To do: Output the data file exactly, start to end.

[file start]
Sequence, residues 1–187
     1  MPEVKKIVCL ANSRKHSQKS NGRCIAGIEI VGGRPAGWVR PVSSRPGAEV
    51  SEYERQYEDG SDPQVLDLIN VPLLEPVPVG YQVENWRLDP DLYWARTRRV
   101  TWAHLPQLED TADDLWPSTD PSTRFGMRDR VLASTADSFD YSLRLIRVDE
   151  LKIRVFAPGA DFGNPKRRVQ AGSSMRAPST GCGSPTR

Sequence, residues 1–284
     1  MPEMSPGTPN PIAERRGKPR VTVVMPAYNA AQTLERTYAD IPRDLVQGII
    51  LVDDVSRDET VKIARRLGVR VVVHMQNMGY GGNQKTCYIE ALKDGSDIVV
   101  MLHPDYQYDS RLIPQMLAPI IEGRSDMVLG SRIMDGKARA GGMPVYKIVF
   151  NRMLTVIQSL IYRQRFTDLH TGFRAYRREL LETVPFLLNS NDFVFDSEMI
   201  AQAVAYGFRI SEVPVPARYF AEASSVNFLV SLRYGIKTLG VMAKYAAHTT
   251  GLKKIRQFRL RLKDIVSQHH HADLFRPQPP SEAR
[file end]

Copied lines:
Sequence, residues 1–187
     1  MPEVKKIVCL ANSRKHSQKS NGRCIAGIEI VGGRPAGWVR PVSSRPGAEV
    51  SEYERQYEDG SDPQVLDLIN VPLLEPVPVG YQVENWRLDP DLYWARTRRV
   101  TWAHLPQLED TADDLWPSTD PSTRFGMRDR VLASTADSFD YSLRLIRVDE
   151  LKIRVFAPGA DFGNPKRRVQ AGSSMRAPST GCGSPTR

Sequence, residues 1–284
     1  MPEMSPGTPN PIAERRGKPR VTVVMPAYNA AQTLERTYAD IPRDLVQGII
    51  LVDDVSRDET VKIARRLGVR VVVHMQNMGY GGNQKTCYIE ALKDGSDIVV
   101  MLHPDYQYDS RLIPQMLAPI IEGRSDMVLG SRIMDGKARA GGMPVYKIVF
   151  NRMLTVIQSL IYRQRFTDLH TGFRAYRREL LETVPFLLNS NDFVFDSEMI
   201  AQAVAYGFRI SEVPVPARYF AEASSVNFLV SLRYGIKTLG VMAKYAAHTT
   251  GLKKIRQFRL RLKDIVSQHH HADLFRPQPP SEAR